Behind the lens: Omaha folks gather for the Women’s Day March of 2019

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Kamrin Baker
DIGITAL EDITOR

Maria Nevada
PHOTO EDITOR

Downtown Omaha saw a sea of red on the afternoon of Sunday, March 10. And, no, it wasn’t a Husker fan gathering.

In fact, it was a fan-favored spectacle in itself: the Omaha Women’s March.

The Women’s March has become a tradition in the feminist community since the inaugural March in 2017, just days after President Trump was sworn into office.

This year’s march looked a little different from the previous two, as it took place two months later in celebration of International Women’s Day.

Each march has taken on a specific theme or cause. Since the Omaha group departed from the national organization, the Omaha organizers shifted from the national theme of ‘the women’s wave,” to a local emphasis on murdered and missing indigenous women in North and Central America, asking participants to wear red.

“Those of us wearing red are standing in solidarity with our sisters to show that they are protected, recognized and honored here today,” Emcee Michelle Troxclair said. “Thank you for supporting.”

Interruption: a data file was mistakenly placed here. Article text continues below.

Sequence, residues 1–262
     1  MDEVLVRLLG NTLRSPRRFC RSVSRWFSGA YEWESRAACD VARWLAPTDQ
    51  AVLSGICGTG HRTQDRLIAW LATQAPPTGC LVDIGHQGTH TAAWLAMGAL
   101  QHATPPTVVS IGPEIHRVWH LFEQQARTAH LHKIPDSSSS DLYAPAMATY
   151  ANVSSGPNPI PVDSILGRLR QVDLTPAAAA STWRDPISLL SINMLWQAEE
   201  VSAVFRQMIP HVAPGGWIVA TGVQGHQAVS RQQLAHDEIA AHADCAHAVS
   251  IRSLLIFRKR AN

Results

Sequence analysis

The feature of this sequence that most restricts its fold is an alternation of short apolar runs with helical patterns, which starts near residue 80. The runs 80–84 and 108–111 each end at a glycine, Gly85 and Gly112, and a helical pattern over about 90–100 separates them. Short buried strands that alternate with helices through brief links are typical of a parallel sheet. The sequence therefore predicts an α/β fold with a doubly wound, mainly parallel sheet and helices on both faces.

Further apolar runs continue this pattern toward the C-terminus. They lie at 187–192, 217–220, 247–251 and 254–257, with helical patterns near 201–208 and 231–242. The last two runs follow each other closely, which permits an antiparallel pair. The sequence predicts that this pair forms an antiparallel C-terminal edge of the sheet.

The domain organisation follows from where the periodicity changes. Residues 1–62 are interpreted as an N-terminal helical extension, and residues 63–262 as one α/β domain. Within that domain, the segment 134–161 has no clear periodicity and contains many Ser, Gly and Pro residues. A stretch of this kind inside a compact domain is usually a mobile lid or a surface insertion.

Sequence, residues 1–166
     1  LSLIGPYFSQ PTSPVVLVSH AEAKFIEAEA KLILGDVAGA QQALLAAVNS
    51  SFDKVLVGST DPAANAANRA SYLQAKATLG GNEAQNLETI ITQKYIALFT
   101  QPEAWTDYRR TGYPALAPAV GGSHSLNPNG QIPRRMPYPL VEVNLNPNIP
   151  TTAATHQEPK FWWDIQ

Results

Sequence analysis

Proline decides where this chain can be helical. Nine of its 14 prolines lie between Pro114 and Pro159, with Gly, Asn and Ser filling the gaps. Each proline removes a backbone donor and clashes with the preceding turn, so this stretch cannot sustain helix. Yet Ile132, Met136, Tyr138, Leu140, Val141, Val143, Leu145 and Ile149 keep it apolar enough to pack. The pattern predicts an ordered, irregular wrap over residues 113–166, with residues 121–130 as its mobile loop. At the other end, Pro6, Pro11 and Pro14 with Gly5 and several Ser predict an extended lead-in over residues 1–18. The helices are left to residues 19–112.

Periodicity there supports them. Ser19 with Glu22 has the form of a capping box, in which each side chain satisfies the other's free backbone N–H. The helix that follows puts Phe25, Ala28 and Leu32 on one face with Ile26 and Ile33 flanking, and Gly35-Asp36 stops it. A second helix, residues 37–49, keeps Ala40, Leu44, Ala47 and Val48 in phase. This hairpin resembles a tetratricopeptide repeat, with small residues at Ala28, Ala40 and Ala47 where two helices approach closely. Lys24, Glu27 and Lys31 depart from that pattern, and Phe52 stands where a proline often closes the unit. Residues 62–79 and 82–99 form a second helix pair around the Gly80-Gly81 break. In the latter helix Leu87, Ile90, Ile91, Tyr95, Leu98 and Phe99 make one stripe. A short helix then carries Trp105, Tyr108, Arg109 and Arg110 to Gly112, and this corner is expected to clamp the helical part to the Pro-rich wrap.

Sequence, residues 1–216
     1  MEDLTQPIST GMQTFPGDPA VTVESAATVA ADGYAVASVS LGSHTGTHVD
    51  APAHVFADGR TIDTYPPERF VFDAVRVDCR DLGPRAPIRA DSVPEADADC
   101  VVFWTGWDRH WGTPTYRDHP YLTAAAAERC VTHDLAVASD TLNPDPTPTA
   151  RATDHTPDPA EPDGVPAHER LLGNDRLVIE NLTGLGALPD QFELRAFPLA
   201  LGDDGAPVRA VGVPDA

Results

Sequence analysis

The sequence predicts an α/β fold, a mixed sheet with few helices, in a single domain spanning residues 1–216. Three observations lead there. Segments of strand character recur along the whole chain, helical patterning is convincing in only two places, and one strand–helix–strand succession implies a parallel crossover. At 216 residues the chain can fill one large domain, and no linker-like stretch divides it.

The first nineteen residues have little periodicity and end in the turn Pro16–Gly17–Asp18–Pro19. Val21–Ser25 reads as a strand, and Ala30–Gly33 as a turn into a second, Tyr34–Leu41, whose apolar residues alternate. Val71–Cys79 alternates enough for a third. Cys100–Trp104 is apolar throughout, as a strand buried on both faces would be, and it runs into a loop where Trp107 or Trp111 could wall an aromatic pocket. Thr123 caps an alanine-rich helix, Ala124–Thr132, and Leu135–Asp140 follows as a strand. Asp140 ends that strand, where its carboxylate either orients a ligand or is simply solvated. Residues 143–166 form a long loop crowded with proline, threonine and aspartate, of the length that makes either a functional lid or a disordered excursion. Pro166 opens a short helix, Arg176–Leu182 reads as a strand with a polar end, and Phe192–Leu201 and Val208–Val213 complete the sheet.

Folks of all walks of life joined together near City Hall to listen to speakers and amp up as a community to march through the streets.

UNO-affiliated speakers were emcee and UNO alum Troxclair, UNO student and tribal leader Lilly Tamayo, UNO assistant professor Ferial Pearson, and alum Keshia Bradford.

“People think that who we are is a crime, punishable by removal of civil and human rights,” Pearson said. “I am here to tell you that being Muslim is not a crime. Being an immigrant is not a crime. Being a person of color is not a crime. Being LGBTQIA is not a crime. Being a woman is not a crime.”

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